Asteroid Lutetia has been revealed as a battered world of many craters. ESA’s Rosetta mission has returned the first close-up images of the asteroid showing it is most probably a primitive survivor from the violent birth of the Solar System.
The flyby was a spectacular success with Rosetta performing faultlessly. Closest approach took place at 18:10 CEST, at a distance of 3162 km.
The images show that Lutetia is heavily cratered, having suffered many impacts during its 4.5 billion years of existence. As Rosetta drew close, a giant bowl-shaped depression stretching across much of the asteroid rotated into view. The images confirm that Lutetia is an elongated body, with its longest side around 130km.
The pictures come from Rosetta’s OSIRIS instrument, which combines a wide angle and a narrow angle camera. At closest approach, details down to a scale of 60 m can be seen over the entire surface of Lutetia.
"I think this is a very old object. Tonight we have seen a remnant of the Solar System’s creation," says Holger Sierks, OSIRIS principal investigator, Max Planck Institute for Solar System Research, Lindau, Germany.
Racing past an asteroid
Rosetta raced past the asteroid at 15 km/s completing the flyby in just a minute. But the cameras and other instruments had been working for hours and in some cases days beforehand, and will continue afterwards. Shortly after closest approach, Rosetta began transmitting data to Earth for processing.
Lutetia has been a mystery for many years. Ground telescopes have shown that it presents confusing characteristics. In some respects it resembles a ‘C-type’ asteroid, a primitive body left over from the formation of the Solar System. In others, it looks like an ‘M-type’. These have been associated with iron meteorites, are usually reddish and thought to be fragments of the cores of much larger objects.
The new images and the data from Rosetta’s other instruments will help to decide but not tonight. Compositional information is needed for that.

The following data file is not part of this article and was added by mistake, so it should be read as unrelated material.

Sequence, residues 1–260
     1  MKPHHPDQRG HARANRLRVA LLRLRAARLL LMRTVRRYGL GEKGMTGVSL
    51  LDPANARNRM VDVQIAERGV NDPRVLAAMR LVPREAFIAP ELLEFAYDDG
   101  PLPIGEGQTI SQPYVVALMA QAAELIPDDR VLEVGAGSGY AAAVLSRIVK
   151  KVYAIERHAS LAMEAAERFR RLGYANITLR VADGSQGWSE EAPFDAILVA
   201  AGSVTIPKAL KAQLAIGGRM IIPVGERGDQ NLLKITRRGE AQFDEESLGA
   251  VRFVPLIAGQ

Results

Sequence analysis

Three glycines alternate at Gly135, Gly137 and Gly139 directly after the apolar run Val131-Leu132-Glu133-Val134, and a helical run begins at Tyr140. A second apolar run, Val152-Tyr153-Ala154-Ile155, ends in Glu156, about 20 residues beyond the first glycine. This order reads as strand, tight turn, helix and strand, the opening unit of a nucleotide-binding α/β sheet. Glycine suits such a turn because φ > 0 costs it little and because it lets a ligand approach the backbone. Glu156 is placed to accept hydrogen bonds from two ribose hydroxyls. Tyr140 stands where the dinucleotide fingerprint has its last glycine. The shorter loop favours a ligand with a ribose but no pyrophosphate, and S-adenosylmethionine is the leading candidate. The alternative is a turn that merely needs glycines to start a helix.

Sensors investigate Lutetia
Rosetta operated a full suite of sensors at the encounter, including remote sensing and in-situ measurements. Some of the payload of its Philae lander were also switched on. Together they looked for evidence of a highly tenuous atmosphere, magnetic effects, and studied the surface composition as well as the asteroid’s density.
They also attempted to catch any dust grains that may have been floating in space near the asteroid for on-board analysis. The results from these instruments will come in time.
The flyby marks the attainment of one of Rosetta’s main scientific objectives. The spacecraft will now continue to a 2014 rendezvous with its primary target, comet Churyumov-Gerasimenko. It will then accompany the comet for months, from near the orbit of Jupiter down to its closest approach to the Sun. In November 2014, Rosetta will release Philae to land on the comet nucleus.
"Wunderbar!' says David Southwood, ESA Director of Science and Robotic Exploration, "It has been a great day for exploration, a great day for European science. The clockwork precision is a great tribute to the scientists and engineers in our Member States in our industry and, not least, in ESA itself. Roll on 2014 and our comet rendezvous." But for now, analysing the Lutetia data is the focus for the Rosetta instrument teams. Just 24 hours ago, Lutetia was a distant stranger. Now, thanks to Rosetta, it has become a close friend.